Topography of Terror Documentation Center, Berlin
Heritage conservation is a process of negotiating between change and continuity, when it comes with rapid socioeconomic change and transformation in capital cities. As the Charter of Venice in 1964 addressed, the goal of preserving historical monuments and sites is to maintain the authenticity of heritage properties, in order to form a reservoir of history and memory for future generations. Following this position, most of the International Charters for the Conservation tend to avoid change in conservation.
However, difficult heritage, a complex of forms, meanings, and functions that once represented evil wrong-doing, has a significance that is very much different from other types of heritage. Difficult heritage, defined by Sharon Macdonald, indicates those heritage that has difficulty presenting its history to the public because it is troublesome to national identity. It indicates the phenomenon of legacies that trouble collective identities, including places of shame and trauma (e.g., the grounds of Nazi Party rallies in Nuremberg, the Nanjing Massacre Memorial in China, wartime internment sites). Rather than glorifying the history, the purpose of dealing with difficult heritage is to recognize it as meaningful in the present, in part because it is difficult and awkward to reconcile the history with a positive, self-affirming contemporary identity.
Through the case study of the Prinz-Albrecht-Terrain (today the Topography of Terror Documentation Center) in Berlin, as one of the typical difficult heritage sites, I argue that the meaning of change in difficult heritage is distinct from that in other types of heritage. The site was once the administrative power center during the Nazi regime. Though the buildings could have been reconstructed, the beginning of interest in conserving the site as heritage did not occur immediately after the war. The history of the sites was mostly repressed and the buildings themselves neglected by the public during the 1950s and 1960s. Faced with the remains of the buildings after the war, the Kreuzberg district administrator (U.S. sector) started to remove the ruins in 1948. They claimed the destruction of the Terrain was a matter of public safety. As a result of the lack of interest in preservation, the former Gestapo headquarters, the remaining walls and façade, the buildings on Wilhelmstrasse and the relatively well preserved Museum of Ethnology were eventually blown up or torn down. From 1949 to 1959, one after another, most of the buildings on the site were demolished through a clean-up process. Only until the 1970s, through the growing concerns of perpetrators’ sites from citizen awareness and the turn toward rediscovering the past by citizen movement, the Topography of Terror had the chance to transform into a heritage site.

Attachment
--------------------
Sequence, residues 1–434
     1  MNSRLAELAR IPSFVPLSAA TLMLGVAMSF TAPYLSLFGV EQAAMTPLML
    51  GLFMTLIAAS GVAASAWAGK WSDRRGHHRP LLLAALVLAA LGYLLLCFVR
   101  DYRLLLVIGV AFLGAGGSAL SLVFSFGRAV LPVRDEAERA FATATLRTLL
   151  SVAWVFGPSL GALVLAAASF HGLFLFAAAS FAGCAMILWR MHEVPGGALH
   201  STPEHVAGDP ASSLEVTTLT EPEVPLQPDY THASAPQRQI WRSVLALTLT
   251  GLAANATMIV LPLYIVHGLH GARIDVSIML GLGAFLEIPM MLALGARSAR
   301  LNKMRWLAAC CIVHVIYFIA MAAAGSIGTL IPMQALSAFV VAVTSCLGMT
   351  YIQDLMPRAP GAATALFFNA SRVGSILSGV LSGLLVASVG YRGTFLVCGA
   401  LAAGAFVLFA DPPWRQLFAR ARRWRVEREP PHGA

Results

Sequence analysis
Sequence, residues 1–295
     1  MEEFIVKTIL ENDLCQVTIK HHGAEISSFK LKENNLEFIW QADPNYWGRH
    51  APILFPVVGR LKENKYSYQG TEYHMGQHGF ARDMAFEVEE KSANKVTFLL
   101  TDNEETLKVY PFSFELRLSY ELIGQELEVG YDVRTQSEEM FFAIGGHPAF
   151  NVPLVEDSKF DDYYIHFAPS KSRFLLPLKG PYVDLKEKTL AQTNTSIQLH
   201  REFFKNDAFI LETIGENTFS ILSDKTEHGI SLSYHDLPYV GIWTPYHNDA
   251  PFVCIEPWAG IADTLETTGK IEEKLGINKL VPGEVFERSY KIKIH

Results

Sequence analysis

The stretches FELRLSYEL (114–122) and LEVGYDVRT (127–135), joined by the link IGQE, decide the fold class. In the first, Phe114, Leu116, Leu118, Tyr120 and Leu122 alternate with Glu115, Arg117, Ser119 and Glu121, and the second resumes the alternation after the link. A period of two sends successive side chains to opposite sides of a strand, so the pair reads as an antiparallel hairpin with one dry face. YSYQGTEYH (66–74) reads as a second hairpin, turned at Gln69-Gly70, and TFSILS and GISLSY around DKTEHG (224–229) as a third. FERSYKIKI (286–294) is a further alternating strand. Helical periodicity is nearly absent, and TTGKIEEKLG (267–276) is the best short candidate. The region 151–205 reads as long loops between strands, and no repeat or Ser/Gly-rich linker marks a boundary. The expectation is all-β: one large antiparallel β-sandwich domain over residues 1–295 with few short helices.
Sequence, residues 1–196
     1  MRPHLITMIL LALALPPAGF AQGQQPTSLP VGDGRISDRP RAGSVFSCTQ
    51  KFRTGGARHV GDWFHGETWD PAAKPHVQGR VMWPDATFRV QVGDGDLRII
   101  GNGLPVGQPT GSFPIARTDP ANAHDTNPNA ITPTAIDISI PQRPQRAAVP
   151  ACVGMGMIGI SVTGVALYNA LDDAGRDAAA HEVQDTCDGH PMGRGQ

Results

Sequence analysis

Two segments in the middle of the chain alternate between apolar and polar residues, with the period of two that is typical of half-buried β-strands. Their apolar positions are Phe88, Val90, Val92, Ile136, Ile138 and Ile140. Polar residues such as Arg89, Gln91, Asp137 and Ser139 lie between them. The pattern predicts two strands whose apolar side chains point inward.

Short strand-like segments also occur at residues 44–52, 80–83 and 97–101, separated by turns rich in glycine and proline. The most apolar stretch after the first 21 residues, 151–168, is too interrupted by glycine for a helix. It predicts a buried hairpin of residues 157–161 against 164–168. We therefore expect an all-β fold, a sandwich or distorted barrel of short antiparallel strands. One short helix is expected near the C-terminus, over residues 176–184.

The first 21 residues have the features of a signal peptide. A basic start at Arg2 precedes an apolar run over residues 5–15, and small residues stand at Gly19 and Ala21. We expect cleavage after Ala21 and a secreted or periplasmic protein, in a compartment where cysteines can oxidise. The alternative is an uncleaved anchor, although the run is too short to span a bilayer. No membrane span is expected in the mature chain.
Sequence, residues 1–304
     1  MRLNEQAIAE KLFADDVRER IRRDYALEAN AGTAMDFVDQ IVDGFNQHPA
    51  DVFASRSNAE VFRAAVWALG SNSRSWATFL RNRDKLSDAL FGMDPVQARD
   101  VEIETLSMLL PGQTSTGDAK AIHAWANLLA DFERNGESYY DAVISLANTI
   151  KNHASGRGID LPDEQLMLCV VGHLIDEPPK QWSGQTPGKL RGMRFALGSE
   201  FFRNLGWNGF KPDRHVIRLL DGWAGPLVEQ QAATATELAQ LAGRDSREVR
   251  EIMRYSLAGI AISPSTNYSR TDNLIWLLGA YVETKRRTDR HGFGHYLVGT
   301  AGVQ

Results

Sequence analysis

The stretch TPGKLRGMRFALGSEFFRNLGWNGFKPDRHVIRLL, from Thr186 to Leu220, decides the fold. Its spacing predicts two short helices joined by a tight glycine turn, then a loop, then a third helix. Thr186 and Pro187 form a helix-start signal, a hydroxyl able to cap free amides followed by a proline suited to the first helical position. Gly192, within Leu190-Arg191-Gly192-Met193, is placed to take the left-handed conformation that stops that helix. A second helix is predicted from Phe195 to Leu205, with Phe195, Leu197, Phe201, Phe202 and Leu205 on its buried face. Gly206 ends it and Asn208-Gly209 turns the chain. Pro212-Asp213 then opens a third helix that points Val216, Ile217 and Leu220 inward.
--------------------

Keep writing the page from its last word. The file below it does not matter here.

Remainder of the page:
The turning point that led to the site being conserved as heritage happened in the 1970s, within the context of urban renewal merged with interest in historical preservation in Berlin. It was a paradigm shift for urban development, from modernist approach to a critical reconstruction based on urban fabric. Firstly, in 1978, under the context of the TUNIX »Do-Nothing Congress« meeting in Berlin, which was regarded as an inaugural event of the alternative movement, the Berlin town planning expert and architectural historian Dieter Hoffman-Axthelm offered a guided tour of the Nazi history of the terrain. He argued the site should be conserved as a material reminder of Nazi crimes. Secondly, together with the launch of the IBA Berlin (Internationale Bauausstellung Berlin) in 1979, public consciousness and rediscovery of the sites past gradually formed. The IBA team conducted historical survey about residential areas in need of urban renewal and therefore rediscovered the Nazi history of the Terrain.